TY - JOUR

T1 - Inverse boundary traction reconstruction with the bem

AU - Bezerra, Luciano M.

AU - Saigal, Sunil

N1 - Funding Information:
Acknowledgments-Luciano Mendes Bezerra acknowledges the financial support provided by the Brazilian National Research Council, CNPq-Conselho Nacional de Desenvolvimento Cientifico e Teenol6gieo, and IPEN-Instituto de Pesquisas Energetieas e Nucleares. The support for Dr Sunil Saigal was provided by the National Scienee Foundation Presidential Young Investigator Grant No. MSS-9057055.

PY - 1995/5

Y1 - 1995/5

N2 - A boundary integral formulation is presented for the solution of the inverse elastostatics problem (IESP) of reconstructing missing boundary tractions in two-dimensional structural members. Traction reconstruction may involve the determination of the location of the traction distribution in addition to its extent and amplitude. The missing boundary tractions are rebuilt from measured quantities such as displacements, strains or stresses. These quantities may be obtained from sensors located at some internal or boundary points of the object. The proposed formulation starts with an initial guess for the magnitude, extent and location of the missing boundary tractions and proceeds towards the final traction distribution in a sequence of iterative steps. The inverse problem is written as an optimization problem with the objective function being the sum of the squares of the differences between the measured quantities at each sensor location and the corresponding computed quantities for the assumed boundary traction distribution. The constraints that the missing traction distribution lies within a certain portion of the boundary of the object are imposed. This is done using the step retraction and inverse penalty function approach in which the objective function is augmented by the constraint equations using a penalty parameter. The unknown traction distribution and its location are defined in terms of load and geometric parameters, and the sensitivities with respect to these parameters are obtained in the boundary element framework using the implicit differentiation approach. A series of numerical examples involving the reconstruction of linear, parabolic and trigonometric boundary tractions, respectively, are solved using the present approach. The effect of Gaussian errors in the sensors is also studied. Good reconstruction of the missing boundary tractions is obtained for the examples studied. The advantages of the present boundary element formulation over the corresponding finite element formulations are also outlined.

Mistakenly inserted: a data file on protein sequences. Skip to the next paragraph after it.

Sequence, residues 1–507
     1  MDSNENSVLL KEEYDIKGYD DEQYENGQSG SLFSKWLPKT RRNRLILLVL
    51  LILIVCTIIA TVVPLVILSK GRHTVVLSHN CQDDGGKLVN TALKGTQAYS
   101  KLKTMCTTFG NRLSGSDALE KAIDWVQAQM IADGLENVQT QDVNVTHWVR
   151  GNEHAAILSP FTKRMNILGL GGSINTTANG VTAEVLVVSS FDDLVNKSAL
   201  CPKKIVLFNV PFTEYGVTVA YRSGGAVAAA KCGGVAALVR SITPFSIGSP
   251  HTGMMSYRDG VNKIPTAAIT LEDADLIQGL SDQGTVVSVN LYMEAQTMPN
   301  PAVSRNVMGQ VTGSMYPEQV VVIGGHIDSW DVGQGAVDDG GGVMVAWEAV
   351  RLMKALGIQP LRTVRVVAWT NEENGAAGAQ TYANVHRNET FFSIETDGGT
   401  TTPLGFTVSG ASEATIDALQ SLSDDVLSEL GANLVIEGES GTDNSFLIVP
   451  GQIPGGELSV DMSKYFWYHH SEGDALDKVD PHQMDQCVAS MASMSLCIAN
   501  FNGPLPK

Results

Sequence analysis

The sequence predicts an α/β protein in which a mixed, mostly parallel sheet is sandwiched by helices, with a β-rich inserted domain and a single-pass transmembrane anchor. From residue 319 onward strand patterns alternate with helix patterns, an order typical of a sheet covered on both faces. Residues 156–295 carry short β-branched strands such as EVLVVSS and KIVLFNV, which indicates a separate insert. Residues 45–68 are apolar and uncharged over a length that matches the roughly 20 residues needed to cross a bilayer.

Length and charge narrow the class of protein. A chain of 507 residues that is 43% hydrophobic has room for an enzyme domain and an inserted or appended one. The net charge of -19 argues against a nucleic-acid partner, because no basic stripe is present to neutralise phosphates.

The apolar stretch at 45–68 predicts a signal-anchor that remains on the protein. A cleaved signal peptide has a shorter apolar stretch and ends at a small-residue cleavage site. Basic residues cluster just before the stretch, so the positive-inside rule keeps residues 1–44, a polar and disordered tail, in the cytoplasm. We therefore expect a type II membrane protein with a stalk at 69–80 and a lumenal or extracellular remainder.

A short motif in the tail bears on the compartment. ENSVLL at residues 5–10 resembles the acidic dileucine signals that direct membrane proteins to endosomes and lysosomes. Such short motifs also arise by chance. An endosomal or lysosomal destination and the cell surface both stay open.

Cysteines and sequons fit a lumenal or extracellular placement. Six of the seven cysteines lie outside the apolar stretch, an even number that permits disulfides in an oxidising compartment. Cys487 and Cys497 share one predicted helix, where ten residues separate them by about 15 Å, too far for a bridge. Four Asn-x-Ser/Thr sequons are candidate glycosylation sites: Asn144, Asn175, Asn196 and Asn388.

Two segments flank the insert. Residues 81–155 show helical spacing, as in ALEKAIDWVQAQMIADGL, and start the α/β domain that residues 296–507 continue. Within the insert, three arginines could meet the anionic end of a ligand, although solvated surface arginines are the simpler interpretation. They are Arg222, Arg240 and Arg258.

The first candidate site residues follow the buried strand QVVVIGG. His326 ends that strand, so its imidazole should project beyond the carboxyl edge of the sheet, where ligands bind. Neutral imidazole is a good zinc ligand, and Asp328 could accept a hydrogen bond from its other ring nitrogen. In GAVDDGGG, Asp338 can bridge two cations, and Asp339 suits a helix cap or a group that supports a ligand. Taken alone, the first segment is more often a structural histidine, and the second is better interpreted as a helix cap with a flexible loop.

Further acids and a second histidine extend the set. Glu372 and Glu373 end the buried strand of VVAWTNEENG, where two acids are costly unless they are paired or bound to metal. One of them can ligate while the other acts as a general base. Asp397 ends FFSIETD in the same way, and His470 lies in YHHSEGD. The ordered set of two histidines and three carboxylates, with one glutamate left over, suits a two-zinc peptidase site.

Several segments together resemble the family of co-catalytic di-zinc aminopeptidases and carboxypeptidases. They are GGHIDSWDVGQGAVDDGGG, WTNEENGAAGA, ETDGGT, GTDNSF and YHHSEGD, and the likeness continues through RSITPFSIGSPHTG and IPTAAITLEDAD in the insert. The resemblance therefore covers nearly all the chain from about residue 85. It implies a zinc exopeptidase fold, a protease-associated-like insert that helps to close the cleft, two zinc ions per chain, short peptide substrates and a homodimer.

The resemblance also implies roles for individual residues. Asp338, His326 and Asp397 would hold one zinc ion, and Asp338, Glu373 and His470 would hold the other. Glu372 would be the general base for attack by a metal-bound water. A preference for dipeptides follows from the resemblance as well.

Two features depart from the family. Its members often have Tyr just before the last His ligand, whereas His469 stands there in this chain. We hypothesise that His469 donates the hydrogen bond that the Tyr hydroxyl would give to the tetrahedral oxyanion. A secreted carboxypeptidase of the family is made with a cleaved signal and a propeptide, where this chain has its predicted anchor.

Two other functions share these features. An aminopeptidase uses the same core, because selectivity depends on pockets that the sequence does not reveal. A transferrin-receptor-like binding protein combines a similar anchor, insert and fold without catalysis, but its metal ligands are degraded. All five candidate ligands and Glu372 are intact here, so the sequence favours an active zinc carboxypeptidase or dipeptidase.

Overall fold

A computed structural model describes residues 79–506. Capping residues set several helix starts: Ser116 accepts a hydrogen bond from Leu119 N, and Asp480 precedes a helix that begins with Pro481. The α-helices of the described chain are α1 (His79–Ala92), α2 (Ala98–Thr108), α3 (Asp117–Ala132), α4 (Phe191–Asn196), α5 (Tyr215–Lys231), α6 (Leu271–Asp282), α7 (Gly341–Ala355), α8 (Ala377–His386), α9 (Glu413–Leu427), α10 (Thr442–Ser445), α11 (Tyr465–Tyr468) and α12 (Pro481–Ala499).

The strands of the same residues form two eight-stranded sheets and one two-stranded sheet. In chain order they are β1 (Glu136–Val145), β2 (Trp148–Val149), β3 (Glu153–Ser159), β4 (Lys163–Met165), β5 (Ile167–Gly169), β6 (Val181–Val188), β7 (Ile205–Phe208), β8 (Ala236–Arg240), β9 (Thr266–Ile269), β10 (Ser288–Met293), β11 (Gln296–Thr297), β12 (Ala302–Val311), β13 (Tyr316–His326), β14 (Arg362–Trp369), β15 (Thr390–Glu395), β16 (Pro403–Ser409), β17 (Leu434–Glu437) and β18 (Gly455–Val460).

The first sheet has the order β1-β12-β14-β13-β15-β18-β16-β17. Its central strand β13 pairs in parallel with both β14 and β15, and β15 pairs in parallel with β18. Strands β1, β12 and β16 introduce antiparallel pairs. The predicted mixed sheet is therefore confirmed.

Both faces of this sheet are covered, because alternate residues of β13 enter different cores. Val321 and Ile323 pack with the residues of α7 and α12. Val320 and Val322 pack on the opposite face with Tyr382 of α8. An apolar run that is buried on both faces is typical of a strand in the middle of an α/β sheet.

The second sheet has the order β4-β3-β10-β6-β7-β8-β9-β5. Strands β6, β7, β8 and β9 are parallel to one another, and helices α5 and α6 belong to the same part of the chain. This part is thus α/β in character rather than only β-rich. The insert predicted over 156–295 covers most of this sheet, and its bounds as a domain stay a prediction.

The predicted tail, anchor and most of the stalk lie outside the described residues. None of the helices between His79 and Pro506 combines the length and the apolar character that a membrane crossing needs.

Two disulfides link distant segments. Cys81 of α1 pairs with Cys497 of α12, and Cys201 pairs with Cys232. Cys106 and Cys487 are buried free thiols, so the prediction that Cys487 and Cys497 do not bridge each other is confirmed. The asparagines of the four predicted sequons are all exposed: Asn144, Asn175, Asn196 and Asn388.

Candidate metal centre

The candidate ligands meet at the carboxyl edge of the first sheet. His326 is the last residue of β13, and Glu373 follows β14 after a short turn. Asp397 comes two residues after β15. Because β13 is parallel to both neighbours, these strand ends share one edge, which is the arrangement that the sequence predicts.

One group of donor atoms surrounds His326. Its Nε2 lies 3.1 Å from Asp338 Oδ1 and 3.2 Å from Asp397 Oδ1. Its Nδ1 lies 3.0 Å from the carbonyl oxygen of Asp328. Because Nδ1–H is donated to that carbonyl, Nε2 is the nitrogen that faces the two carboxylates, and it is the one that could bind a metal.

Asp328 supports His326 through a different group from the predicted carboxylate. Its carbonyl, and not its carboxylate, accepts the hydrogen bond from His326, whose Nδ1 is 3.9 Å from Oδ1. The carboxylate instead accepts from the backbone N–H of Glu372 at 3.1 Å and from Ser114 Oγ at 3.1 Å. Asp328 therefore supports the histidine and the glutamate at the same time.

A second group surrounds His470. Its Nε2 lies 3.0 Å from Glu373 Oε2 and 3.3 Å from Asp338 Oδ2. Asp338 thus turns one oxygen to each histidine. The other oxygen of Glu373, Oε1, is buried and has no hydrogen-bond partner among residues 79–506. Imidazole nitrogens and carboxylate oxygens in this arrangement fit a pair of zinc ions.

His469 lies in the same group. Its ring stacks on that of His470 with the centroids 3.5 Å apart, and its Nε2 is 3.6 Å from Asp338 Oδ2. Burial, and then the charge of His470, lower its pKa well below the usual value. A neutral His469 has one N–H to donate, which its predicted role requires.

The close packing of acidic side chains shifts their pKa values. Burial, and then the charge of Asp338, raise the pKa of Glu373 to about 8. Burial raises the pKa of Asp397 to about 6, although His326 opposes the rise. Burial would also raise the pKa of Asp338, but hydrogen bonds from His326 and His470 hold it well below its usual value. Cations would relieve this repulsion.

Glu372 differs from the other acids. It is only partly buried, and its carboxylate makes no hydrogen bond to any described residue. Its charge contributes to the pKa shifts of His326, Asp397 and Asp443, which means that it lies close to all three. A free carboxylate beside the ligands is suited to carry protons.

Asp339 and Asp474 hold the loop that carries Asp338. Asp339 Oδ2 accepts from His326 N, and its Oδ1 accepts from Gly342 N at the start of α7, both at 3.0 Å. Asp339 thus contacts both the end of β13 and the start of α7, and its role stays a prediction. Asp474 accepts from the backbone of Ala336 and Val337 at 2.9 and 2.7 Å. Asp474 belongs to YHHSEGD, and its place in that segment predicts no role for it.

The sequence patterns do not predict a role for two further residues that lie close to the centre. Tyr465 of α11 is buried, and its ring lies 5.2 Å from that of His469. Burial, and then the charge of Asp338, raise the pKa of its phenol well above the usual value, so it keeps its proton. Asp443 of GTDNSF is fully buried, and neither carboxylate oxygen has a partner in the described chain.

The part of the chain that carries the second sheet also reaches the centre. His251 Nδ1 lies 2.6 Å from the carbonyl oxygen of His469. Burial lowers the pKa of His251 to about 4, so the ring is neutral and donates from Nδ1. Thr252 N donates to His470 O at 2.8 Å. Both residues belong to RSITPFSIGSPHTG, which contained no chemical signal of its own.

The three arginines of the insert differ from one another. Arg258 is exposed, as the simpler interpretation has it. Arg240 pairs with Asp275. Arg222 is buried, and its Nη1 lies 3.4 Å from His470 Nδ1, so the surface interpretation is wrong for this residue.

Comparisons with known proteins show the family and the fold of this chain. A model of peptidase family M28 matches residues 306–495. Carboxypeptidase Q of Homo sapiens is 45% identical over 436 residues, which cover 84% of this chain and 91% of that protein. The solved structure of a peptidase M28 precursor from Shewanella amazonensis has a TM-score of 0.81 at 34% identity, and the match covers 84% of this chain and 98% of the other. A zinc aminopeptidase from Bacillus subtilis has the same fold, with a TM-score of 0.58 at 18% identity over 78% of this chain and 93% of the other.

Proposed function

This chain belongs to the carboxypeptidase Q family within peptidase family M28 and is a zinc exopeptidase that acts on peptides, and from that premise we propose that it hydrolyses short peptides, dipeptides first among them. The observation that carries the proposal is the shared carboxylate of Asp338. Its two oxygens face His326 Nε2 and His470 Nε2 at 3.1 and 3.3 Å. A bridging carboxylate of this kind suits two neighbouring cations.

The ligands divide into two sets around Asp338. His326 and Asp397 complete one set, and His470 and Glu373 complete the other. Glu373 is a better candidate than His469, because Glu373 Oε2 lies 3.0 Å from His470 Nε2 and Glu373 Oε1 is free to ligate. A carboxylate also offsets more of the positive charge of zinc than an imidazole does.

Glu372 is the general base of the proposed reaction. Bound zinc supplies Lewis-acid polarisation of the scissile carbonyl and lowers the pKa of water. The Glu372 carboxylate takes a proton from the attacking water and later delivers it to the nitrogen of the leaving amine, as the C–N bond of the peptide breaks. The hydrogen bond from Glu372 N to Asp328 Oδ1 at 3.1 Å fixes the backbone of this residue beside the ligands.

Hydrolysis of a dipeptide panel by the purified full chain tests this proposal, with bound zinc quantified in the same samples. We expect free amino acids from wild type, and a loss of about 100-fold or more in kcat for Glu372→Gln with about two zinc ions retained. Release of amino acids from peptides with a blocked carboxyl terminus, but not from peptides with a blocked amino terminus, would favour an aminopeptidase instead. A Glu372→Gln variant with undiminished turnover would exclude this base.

AB - A boundary integral formulation is presented for the solution of the inverse elastostatics problem (IESP) of reconstructing missing boundary tractions in two-dimensional structural members. Traction reconstruction may involve the determination of the location of the traction distribution in addition to its extent and amplitude. The missing boundary tractions are rebuilt from measured quantities such as displacements, strains or stresses. These quantities may be obtained from sensors located at some internal or boundary points of the object. The proposed formulation starts with an initial guess for the magnitude, extent and location of the missing boundary tractions and proceeds towards the final traction distribution in a sequence of iterative steps. The inverse problem is written as an optimization problem with the objective function being the sum of the squares of the differences between the measured quantities at each sensor location and the corresponding computed quantities for the assumed boundary traction distribution. The constraints that the missing traction distribution lies within a certain portion of the boundary of the object are imposed. This is done using the step retraction and inverse penalty function approach in which the objective function is augmented by the constraint equations using a penalty parameter. The unknown traction distribution and its location are defined in terms of load and geometric parameters, and the sensitivities with respect to these parameters are obtained in the boundary element framework using the implicit differentiation approach. A series of numerical examples involving the reconstruction of linear, parabolic and trigonometric boundary tractions, respectively, are solved using the present approach. The effect of Gaussian errors in the sensors is also studied. Good reconstruction of the missing boundary tractions is obtained for the examples studied. The advantages of the present boundary element formulation over the corresponding finite element formulations are also outlined.

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U2 - 10.1016/0020-7683(94)00192-Y

DO - 10.1016/0020-7683(94)00192-Y

M3 - Article

AN - SCOPUS:0029306059

VL - 32

SP - 1417

EP - 1431

JO - International Journal of Solids and Structures

JF - International Journal of Solids and Structures

SN - 0020-7683

IS - 10

ER -